A trial story.
Hi folks. I’m usually not one to tell war stories, but this is probably an appropriate time to do so. Given the amount of violence going on in our country, I feel that everyone should stay safe and be cautious when interacting with others out in public.
This story I am going to tell is about a man who underwent assault charges, and how he was impacted by them. If you take one lesson away from this story, it should be this: in an escalating situation, never look to escalate it any further. Look to get away, or defuse the situation if you can.
20 years ago, I tried a case in front of a jury where a client of mine was African American. He was the smallest male I have ever seen. I mean this guy was tiny. Maybe a hundred and ten pounds soaking wet at five foot one. And he was just really small.
My client was pitching at a T-ball game in Phoenix. Apparently, when you’re a pitcher, you’re also an umpire, and all the parents would participate in the game. It was a T-ball game with a bunch of little kids, like five- and six-year-olds.
Well, for whatever reason, racial slurs were being yelled at him by parents from the other team’s parents. They thought he made a bad call, and they started calling him some things that I won’t repeat. These comments and names were inappropriate, and I could not believe them when I first hea rd them.
My client was scared because these folks kept telling him they were going to beat him when the game was over. They said they were going to tear him apart. They were going to kill him with their fists. Some of these guys were well over two hundred forty, two hundred and fifty pounds. Given his small stature, they probably could have beaten him pretty easily. My client was scared.
The game was over, yet more of these comments continued. My client, his wife, and his child walked out to his car. My client he back with a gun.
Now, the question has to be: “was that appropriate?”
Was that what a reasonable person would have done in the same circumstances? To walk away from the field out to your car, and come back with a gun? And then, as he was taking his family off the field, his son, his wife, he pointed the gun at these folks and said stay back, stay back.
My client was eventually charged with two counts of Aggravated Assault Dangerous. That label “Dangerous” gives you mandatory prison. And that label comes from him having a gun.
So, I had to argue, in front of the jury, whether that was reasonable for him to do that. And he was able to articulate perfectly in front of the jury how he felt. And based upon his size, he felt intimidated and that scared.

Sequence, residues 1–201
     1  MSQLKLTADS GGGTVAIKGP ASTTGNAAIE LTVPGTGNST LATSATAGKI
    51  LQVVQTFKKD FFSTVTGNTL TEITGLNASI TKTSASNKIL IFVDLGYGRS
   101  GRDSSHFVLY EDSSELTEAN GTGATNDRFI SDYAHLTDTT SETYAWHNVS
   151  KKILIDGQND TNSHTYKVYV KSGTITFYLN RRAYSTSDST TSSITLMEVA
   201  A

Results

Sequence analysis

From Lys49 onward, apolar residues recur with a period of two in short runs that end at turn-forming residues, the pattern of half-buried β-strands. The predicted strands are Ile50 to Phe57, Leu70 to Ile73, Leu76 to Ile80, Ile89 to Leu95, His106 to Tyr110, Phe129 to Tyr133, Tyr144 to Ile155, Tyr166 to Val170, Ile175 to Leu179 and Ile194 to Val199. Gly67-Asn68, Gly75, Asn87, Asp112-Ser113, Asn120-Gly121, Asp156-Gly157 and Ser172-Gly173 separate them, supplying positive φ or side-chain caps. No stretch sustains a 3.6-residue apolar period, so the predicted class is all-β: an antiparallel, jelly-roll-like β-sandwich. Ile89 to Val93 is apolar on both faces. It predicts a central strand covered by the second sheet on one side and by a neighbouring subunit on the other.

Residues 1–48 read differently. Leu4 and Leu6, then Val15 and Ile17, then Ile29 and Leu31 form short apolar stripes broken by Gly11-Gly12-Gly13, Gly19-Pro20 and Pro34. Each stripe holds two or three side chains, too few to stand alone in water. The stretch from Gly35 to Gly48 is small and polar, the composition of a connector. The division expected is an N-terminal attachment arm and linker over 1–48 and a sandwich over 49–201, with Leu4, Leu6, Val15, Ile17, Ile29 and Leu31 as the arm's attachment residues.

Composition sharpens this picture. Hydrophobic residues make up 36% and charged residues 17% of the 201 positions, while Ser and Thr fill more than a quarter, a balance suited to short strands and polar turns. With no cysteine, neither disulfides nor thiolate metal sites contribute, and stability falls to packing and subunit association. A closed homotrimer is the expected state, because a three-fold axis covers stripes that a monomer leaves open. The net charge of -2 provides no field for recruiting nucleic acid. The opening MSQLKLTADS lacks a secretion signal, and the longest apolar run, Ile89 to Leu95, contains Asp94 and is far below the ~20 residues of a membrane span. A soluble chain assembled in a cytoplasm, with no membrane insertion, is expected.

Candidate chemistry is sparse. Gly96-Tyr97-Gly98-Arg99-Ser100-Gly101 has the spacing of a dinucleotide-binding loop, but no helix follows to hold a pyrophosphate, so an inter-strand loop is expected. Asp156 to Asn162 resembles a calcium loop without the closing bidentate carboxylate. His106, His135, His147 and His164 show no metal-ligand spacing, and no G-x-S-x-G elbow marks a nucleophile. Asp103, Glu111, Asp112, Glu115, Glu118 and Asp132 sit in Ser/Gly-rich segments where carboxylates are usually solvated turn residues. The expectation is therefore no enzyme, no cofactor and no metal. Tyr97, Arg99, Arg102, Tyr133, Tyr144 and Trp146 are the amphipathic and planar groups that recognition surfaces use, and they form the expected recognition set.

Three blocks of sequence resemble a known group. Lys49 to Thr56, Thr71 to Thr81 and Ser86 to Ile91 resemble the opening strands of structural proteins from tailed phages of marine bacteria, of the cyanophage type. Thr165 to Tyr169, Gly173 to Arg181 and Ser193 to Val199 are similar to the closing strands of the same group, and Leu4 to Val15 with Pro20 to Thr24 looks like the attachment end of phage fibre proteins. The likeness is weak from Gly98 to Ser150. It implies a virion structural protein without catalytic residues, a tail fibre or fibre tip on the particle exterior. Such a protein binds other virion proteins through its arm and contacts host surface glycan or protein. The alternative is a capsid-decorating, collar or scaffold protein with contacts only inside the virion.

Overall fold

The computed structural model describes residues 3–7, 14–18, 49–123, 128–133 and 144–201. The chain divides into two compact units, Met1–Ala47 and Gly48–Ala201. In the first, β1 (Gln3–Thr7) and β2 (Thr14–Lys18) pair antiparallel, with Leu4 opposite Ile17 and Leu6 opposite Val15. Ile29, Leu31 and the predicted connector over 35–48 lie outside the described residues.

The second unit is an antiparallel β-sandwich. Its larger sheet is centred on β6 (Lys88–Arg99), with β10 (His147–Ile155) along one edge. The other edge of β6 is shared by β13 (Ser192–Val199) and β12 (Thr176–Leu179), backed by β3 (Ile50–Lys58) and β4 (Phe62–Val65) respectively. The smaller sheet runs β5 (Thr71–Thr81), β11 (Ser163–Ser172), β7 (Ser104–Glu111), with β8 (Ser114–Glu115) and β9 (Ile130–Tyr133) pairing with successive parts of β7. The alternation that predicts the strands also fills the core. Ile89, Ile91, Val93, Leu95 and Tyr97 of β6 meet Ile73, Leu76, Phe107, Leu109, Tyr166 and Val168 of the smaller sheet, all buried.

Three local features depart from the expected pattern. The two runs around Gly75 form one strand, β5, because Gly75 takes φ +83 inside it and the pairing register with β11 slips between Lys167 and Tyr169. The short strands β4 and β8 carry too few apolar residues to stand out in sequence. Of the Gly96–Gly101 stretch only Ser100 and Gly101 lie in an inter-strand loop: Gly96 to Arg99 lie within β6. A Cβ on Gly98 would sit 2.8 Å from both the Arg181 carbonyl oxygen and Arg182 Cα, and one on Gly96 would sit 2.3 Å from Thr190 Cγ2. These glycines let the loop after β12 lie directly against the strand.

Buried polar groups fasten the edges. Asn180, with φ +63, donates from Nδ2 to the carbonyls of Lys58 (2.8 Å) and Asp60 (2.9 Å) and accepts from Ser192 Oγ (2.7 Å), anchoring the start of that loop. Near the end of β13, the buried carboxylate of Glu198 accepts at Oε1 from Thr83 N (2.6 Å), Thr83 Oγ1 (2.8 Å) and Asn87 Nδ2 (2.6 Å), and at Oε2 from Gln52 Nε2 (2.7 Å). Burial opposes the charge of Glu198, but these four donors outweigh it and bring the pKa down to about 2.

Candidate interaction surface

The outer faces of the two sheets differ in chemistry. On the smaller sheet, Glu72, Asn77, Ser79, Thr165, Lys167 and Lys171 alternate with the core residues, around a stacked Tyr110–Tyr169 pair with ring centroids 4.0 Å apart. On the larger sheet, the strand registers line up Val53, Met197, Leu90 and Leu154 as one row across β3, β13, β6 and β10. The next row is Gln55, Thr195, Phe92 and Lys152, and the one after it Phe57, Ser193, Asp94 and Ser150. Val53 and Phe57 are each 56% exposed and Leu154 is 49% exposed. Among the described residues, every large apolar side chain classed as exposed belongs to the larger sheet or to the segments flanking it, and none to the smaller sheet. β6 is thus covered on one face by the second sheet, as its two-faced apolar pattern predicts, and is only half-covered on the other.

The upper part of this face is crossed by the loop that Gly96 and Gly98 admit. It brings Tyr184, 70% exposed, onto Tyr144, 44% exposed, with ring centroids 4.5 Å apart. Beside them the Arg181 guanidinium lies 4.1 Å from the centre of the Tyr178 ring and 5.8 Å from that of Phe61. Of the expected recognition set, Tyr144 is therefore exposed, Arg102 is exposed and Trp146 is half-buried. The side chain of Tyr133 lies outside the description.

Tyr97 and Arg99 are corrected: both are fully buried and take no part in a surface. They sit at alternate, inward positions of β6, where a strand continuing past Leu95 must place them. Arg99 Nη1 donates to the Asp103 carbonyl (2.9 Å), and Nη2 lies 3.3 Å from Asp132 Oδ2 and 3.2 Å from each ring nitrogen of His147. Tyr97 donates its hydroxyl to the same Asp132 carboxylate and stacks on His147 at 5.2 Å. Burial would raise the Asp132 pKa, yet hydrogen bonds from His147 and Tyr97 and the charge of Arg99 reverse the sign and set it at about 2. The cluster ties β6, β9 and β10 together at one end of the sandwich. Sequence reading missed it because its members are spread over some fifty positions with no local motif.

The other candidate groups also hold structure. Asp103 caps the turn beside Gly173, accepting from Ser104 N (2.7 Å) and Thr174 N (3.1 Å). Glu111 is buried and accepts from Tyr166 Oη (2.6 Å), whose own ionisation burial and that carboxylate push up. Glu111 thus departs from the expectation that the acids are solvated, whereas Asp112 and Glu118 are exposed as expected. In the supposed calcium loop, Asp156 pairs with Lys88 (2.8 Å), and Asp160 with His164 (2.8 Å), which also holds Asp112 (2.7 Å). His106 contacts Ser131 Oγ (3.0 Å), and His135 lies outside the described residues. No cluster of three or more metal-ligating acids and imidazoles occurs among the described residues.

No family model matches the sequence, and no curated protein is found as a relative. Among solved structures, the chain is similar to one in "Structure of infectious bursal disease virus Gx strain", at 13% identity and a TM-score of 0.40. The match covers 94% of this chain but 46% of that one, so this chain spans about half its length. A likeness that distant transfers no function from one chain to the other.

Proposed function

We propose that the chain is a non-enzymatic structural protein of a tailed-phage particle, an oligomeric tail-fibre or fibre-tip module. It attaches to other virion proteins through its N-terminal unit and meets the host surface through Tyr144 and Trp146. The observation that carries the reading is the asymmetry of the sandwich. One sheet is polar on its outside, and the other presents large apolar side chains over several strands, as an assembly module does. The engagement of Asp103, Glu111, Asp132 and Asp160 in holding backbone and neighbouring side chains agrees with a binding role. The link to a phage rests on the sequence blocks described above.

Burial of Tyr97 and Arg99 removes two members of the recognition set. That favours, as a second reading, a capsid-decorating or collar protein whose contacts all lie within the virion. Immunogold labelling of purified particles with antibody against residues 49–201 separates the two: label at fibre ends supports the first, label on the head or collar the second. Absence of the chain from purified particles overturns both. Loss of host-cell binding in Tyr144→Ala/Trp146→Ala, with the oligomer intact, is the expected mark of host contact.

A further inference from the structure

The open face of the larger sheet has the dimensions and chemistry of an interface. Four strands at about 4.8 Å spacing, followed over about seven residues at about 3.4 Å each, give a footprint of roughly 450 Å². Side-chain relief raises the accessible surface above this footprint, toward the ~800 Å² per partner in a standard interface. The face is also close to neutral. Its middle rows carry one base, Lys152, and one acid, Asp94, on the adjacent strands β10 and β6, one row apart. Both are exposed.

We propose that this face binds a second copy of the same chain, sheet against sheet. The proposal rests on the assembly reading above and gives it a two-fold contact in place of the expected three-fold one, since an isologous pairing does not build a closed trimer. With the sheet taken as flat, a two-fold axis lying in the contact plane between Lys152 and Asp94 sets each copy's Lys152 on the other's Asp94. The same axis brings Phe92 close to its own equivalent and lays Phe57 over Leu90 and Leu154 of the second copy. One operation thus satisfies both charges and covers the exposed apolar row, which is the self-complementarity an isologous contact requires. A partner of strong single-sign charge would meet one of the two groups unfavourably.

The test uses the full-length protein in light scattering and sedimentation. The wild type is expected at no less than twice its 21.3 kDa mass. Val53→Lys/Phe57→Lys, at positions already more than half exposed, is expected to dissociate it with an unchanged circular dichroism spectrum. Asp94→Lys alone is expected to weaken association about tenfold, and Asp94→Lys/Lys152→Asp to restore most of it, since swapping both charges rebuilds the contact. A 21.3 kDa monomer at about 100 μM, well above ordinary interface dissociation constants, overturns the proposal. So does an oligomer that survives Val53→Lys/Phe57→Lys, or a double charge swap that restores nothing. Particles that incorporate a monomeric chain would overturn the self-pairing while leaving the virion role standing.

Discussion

So, the jury agreed with me and my client and he was found not guilty. It’s a very, very short verdict. Deliberation takes anywhere from four minutes to weeks. I mean I’ve had it go both ways. And just because they’re deliberating for a long time versus a short time, it really doesn’t mean anything.
Jury trials are strange. Nothing is certain.
This post is not to scare you or detail how your trial might go. Instead, this the story of one man who was charged with assault, and how he came away from his charges unscathed. To be charged with this type of crime is serious business, and defending against these charges is hard work.
At the end of the day, I don’t care how right you feel you were in these situations, you can always lose in a jury trial. Members of the jury may be the greatest people in the world, but one bad day can lead a juror to make a decision that he or she wouldn’t normally make.
The bottom line: you never know what people can do. And now that things are as crazy as they are, you really have to be careful. But again, he was able to articulate that he was in fear of his life, his son’s life, his wife’s life. And because he was able to articulate it so well, and the jury agreed, those charges he was found not guilty.
And also, too, sometimes this is brought up. You’re not found innocent in the United States. You’re found not guilty. So, in that case, based upon what I saw, it was… he was completely exonerated. But it will always show on his criminal arrest record as a disposition, not guilty. It won’t show innocent.
So, there will always be those people that think we were found not guilty but that doesn’t say you were innocent. That’s another topic for another post.
Make sure you use some common sense, in any situation. Given the divisiveness and division in our county these days, I feel that being aware is becoming rare. I never want what happened to my client to ever happen to you. Be smart, be cautious, and always look to diffuse and escape the situation. Never flame the ongoing issue for the worse.
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